John Junor

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Sir John Donald Brown Junor (15 January 1919 – 3 May 1997) was a Scottish journalist and editor-in-chief of the Sunday Express between 1954 and 1986,[1] having previously worked as a columnist there.[2] He then moved to The Mail on Sunday.

Early life[edit]

Born in Glasgow, he studied at Glasgow University and had a wartime commission in the Fleet Air Arm.[3] At Glasgow University he became president of the University Liberal Club, and later stood unsuccessfully three times for Parliament in Scotland for the Liberal Party.[4] In the 1945 General Election he contested Kincardine and Western Aberdeenshire. He then fought a by-election in 1947 for Edinburgh East, and finally was beaten at Dundee West in 1951. He was knighted in 1980.[5]


His Sunday Express column (which he continued to write in his years as editor-in-chief) was noted for recurrent catchphrases, two of them being "pass the sick-bag, Alice" and "I don't know, but I think we should be told". Junor frequently mentioned the small town of Auchtermuchty in Fife.[4]

Junor could be brutally forthright in his column. He once wrote: "[W]ith compatriots like these [the IRA Brighton bombers] wouldn't you rather admit to being a pig than be Irish?" Following complaints that the comment was racist, Junor was censured by the Press Council in May 1985.[6]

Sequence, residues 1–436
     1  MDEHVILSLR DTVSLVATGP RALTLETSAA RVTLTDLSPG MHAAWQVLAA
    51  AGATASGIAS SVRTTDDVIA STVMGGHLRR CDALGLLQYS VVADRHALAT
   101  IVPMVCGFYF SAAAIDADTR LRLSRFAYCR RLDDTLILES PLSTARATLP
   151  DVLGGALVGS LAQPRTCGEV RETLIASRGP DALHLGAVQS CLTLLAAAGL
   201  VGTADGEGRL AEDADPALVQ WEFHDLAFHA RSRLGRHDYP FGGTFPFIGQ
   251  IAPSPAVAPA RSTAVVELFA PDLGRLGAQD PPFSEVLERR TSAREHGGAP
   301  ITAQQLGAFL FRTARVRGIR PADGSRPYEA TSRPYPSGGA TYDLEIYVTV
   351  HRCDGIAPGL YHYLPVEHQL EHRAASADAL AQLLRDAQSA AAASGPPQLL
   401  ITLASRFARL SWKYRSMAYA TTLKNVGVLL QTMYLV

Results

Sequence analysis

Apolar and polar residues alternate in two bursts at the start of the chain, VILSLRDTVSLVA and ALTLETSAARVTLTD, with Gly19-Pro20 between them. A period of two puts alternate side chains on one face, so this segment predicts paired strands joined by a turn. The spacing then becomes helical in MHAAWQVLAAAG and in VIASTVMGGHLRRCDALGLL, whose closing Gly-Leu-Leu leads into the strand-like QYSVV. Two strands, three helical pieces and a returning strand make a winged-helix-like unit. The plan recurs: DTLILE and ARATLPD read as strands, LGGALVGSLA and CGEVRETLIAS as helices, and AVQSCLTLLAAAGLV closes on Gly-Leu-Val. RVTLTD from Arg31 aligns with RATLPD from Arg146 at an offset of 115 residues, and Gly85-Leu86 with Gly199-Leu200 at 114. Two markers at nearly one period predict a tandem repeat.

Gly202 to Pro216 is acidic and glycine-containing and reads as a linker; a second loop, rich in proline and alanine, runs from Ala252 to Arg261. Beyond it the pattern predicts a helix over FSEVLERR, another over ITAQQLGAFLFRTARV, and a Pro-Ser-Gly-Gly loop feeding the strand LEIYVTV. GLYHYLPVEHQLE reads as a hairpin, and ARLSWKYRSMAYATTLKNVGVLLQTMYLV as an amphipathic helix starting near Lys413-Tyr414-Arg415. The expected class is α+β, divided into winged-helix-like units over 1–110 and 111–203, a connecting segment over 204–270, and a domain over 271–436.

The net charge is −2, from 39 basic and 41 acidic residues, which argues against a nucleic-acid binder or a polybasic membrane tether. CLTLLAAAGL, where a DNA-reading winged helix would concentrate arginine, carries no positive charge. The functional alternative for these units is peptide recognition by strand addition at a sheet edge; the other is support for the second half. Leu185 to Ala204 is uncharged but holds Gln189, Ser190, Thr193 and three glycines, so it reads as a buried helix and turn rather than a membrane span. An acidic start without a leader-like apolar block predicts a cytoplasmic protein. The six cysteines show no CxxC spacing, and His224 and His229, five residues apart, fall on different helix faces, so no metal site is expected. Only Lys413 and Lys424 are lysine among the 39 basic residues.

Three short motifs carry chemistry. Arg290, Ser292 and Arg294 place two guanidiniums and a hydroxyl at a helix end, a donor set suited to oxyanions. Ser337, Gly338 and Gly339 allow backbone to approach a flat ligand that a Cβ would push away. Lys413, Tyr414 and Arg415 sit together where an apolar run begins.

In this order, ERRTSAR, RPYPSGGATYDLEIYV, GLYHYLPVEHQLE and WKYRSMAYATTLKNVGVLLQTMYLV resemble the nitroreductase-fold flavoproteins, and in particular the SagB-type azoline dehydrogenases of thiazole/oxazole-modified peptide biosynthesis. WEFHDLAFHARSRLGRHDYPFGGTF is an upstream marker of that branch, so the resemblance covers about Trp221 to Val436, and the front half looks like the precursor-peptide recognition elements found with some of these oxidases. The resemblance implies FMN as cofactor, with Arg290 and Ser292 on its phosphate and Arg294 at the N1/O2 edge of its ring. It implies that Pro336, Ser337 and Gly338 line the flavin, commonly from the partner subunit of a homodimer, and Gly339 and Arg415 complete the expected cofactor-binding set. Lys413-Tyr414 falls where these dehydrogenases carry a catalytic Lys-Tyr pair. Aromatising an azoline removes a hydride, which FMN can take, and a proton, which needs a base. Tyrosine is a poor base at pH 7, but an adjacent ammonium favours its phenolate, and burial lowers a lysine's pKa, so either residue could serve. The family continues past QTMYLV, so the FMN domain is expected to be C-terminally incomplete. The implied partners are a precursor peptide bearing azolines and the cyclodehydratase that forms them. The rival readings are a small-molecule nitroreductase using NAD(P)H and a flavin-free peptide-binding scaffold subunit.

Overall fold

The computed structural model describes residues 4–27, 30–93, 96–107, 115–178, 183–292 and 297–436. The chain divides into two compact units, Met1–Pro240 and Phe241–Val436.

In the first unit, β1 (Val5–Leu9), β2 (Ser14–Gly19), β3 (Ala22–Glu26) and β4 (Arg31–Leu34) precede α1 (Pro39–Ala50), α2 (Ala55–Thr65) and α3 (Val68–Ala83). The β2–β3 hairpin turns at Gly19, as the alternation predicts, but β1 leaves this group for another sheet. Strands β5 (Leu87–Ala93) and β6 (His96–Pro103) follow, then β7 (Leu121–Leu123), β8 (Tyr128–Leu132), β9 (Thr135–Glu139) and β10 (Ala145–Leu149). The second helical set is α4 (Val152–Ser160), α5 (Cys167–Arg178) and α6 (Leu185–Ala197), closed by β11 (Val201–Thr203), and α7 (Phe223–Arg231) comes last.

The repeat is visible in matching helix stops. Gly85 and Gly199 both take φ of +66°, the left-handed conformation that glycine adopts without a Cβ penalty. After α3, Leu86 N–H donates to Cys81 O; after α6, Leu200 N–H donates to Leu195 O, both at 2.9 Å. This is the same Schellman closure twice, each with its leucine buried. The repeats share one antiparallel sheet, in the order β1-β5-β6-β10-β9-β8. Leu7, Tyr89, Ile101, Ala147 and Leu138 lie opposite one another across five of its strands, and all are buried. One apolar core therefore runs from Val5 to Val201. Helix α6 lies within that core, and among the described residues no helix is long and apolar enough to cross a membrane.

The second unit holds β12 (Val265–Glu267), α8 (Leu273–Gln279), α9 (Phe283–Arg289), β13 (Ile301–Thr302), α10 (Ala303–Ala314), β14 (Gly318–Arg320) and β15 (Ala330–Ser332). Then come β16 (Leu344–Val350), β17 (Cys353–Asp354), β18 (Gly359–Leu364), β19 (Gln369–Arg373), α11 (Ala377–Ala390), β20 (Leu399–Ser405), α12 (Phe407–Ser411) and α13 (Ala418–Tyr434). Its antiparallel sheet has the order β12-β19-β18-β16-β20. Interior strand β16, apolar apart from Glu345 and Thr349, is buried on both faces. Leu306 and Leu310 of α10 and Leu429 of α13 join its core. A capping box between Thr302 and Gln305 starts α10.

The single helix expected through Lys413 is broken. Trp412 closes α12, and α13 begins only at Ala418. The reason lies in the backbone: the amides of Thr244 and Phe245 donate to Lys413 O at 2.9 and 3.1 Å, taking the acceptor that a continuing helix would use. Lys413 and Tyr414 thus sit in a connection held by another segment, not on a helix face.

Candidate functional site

He was often lampooned in Private Eye where he was known as 'Sir Jonah Junor', and the Daily Express building on Fleet Street as 'the Black Lubyanka.'

Contempt of Parliament[edit]

On 24 January 1957, Junor was called to the Bar of the House of Commons to be reprimanded for contempt of Parliament[7] – the last non-politician to be so called.[8] The matter concerned an article about petrol allocation that appeared in the Sunday Express on 16 December 1956. Junor apologised:


Junor married in 1942, and had two children.[4] The journalist Penny Junor is his daughter,[3] and the journalist Sam Leith, his grandson.


  • The Best of JJ (1981)
  • Listening for a midnight tram: memoirs (1990)


  • Penny Junor (2002): Home Truths: Life Around My Father, ISBN 0-00-710213-5
  • Graham Lord (2012): Lord's Ladies and Gentlemen: 100 Legends of the 20th Century


  1. ^
  2. ^ "Archived copy". Archived from the original on 23 February 2007. Retrieved 17 March 2007.CS1 maint: Archived copy as title (link)
  3. ^ a b Peregrine Worsthorne "Sympathy for the devil", New Statesman, 12 August 2002
  4. ^ a b c Julian Critchley Obituary: Sir John Junor[permanent dead link], The Independent, 5 May 1997
  5. ^ John Donald Brown Junor (1919 - 1997), Find A Grave Memorial
  6. ^ "Archived copy". Archived from the original on 16 June 2011. Retrieved 18 May 2010.CS1 maint: Archived copy as title (link) Press Gazette
  7. ^
  8. ^
Media offices
Preceded by
Deputy Editor of the Evening Standard
Succeeded by
Charles Wintour
Preceded by
Harold Keeble
Editor of the Sunday Express
Succeeded by
Robin Esser